Makola will cover up the killing: “He died of fever,” which was the case of their predecessor buried not far away. But Kayerts will not draw any benefit or solace from this sham, succumbing instead “the depths of horror and despair,” of the kind that unmistakably will attend the last moments, the very last words of Kurtz in Marlow’s notorious depiction:  “Did he live his life again in every detail of desire, temptation, and surrender during that supreme moment complete knowledge?…he cried out twice, a cry that was no more than a breath: ‘The horror! The Horror!’” (283).  Kayerts/Kurtz: the phonemic vicinity is not incidental. Kayerts experiences an all-consuming nihilism that is personal, deeply felt, and that foreshadows the “soul-madness” of Kurtz (280), whose delirium is prefigured in Conrad’s own, lengthier soul-searching depiction of Kayerts:

He sat by the corpse thinking; thinking very actively, thinking very new thoughts. He seemed to have broken loose from himself altogether. His old thoughts, convictions, likes and dislikes, things he respected and things he abhorred, appeared in their true light at last! Appeared contemptible and childish, false and ridiculous. He reveled in his new wisdom while he sat by the man he had killed. He argued with himself about all things under heaven with that kind of wrong-headed lucidity which may be observed in some lunatics.

Thinking is emphatically a theme here for the reader to participate in. Kayerts is, for the first—and last—time in his life, thinking all the way down to his false identity and the inanity of the institution which he has served. He succumbs to the “wisdom” of nihilism, a sense of absolute contingency where nothing matters; commerce, culture, etc., are for Kayerts “a tale told by an idiot” if ever there was one.  The nihilism is not a philosophical position here, it is not arrived at as matter of principle, as an idea. As Conrad shows, it is achieved downstream from the tipping point of murderous rage. Pondering “that men died every day in thousands,” “he became not at all sure who was dead and who was alive.” We are at the acute angle of identity crisis: living or dead, awake or asleep “or thought he had slept”; he is in a fog, of the kind that enshrouds the ship on which Marlow begins his tale and that attends his Congo trip downriver. “And somebody had whistled in the fog…. He stood up, saw the body, and threw his arms above his head with a cry like that of a man who, waking from a trance, finds himself immured forever in a tomb. ’Help! . . . . My God!’”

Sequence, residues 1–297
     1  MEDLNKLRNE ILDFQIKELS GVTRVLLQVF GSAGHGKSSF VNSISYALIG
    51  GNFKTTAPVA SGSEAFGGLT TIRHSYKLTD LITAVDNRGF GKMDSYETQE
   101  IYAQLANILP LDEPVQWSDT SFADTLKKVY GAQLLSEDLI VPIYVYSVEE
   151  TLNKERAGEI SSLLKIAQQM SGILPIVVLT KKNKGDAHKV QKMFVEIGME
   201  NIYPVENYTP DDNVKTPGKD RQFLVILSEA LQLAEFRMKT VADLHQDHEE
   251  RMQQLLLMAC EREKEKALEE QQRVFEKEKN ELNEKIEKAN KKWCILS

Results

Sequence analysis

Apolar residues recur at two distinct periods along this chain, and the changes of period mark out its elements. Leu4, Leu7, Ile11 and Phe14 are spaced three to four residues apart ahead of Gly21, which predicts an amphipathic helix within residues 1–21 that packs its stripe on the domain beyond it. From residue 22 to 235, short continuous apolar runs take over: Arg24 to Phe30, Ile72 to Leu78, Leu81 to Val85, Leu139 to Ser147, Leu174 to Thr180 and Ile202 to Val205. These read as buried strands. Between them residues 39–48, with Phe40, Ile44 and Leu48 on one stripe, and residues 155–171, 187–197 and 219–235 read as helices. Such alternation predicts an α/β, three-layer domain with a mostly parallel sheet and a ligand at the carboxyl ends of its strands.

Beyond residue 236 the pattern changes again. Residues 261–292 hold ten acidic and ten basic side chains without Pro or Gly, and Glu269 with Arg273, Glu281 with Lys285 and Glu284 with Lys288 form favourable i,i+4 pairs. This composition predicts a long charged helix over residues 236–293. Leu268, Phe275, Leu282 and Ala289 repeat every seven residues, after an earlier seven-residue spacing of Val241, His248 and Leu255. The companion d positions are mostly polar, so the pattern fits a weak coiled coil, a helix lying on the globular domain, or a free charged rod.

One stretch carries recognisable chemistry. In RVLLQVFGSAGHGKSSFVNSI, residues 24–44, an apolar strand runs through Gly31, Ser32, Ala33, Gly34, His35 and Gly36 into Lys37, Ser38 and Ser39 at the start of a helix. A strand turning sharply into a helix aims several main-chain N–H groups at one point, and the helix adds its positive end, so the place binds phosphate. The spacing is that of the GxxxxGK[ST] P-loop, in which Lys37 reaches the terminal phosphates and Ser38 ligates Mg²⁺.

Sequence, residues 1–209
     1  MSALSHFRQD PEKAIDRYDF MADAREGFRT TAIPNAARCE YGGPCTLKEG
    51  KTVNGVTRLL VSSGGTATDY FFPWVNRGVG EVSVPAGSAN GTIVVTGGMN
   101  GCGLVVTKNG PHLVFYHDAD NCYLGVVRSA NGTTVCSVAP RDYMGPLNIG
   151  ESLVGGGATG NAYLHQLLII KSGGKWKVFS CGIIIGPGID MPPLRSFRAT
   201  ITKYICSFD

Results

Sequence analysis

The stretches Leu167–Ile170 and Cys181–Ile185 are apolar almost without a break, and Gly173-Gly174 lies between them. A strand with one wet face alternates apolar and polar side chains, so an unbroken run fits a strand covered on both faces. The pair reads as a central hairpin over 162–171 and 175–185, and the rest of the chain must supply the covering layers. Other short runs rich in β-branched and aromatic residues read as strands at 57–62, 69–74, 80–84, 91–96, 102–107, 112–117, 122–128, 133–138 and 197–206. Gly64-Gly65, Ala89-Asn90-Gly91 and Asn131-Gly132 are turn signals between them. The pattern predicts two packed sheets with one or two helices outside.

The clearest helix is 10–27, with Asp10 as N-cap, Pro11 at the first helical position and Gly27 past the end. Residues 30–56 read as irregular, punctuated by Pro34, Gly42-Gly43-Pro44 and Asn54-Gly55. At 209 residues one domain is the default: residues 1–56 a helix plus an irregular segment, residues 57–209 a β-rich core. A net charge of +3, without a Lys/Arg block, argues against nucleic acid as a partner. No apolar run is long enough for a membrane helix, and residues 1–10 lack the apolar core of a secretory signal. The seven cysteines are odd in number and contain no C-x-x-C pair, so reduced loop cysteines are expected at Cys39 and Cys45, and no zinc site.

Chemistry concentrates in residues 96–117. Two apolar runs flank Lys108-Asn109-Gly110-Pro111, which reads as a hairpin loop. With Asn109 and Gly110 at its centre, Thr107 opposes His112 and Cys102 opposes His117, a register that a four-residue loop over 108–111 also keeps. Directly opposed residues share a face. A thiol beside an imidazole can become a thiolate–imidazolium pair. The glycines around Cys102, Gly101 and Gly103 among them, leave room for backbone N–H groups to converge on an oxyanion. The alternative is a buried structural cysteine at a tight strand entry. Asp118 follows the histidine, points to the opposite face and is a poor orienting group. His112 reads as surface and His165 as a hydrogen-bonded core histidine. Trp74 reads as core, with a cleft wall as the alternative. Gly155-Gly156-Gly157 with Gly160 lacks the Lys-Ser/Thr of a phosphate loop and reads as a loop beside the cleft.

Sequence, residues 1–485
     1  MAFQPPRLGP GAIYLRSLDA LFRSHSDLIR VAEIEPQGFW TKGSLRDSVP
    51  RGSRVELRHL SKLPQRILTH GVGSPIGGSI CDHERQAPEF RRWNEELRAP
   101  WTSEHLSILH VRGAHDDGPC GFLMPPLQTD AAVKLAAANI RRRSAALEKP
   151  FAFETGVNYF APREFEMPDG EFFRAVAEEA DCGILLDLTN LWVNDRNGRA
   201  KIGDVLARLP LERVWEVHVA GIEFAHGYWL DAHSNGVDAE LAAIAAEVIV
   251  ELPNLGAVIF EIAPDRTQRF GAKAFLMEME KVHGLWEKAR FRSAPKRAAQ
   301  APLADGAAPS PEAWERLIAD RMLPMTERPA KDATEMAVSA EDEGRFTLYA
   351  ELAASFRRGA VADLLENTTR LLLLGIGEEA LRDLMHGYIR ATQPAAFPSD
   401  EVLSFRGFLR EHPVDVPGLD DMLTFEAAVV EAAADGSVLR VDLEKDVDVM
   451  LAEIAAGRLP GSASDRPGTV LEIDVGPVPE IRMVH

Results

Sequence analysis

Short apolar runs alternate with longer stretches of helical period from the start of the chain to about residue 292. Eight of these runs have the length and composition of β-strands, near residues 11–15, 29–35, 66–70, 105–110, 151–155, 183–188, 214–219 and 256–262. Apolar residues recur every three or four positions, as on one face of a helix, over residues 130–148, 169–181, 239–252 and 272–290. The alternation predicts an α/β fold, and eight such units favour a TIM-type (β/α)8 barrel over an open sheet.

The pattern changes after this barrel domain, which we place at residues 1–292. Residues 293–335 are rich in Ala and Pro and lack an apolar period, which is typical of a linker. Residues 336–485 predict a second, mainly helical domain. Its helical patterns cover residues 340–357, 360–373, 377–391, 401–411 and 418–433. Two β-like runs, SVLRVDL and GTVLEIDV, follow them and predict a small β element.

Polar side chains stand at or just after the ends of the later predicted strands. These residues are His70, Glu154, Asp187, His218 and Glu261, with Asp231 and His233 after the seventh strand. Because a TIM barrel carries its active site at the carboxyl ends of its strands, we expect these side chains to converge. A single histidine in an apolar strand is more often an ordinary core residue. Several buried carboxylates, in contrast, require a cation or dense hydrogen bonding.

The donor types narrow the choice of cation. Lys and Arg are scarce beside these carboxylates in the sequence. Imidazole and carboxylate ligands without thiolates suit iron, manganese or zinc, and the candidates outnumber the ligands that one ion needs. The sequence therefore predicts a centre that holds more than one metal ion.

At this point, we read of a horrific shriek that at once recalls jungle frenzies and a violent apocalypse, a last judgment:

A shriek inhuman, vibrating and sudden, pierced like a sharp dart the white shroud of that land of sorrow. Three short, impatient screeches followed, and then, for a time, the fog-wreaths rolled on, undisturbed, through a formidable silence. Then many more shrieks, rapid and piercing, like the yells of some exasperated and ruthless creature, rent the air. Progress was calling to Kayerts from the river. Progress and civilization and all the virtues. Society was calling to its accomplished child to come, to be taken care of, to be instructed, to be judged, to be condemned; it called him to return to that rubbish heap from which he had wandered away, so that justice could be done.

This is an apocalypse of the kind that Girard speaks of in Battling to the End, which a long tradition has pegged as a terrifying reckoning with human sinfulness, the retribution of a vengeful god—and which Conrad, like Girard, sees as an all-too-human catastrophe. For this last judgment of colonial imperialism, the modernist writer need not have had the last book of the Christian bible in mind; amidst the symbolic inventory supplied by Scripture even into our secular modernity, he has in every sense figured it out on his own. King Leopold’s rule has all the earmarks of the “anti-Kingdom which brings death,” as Brian Robinette describes the apocalyptic destiny of violent reciprocity (159).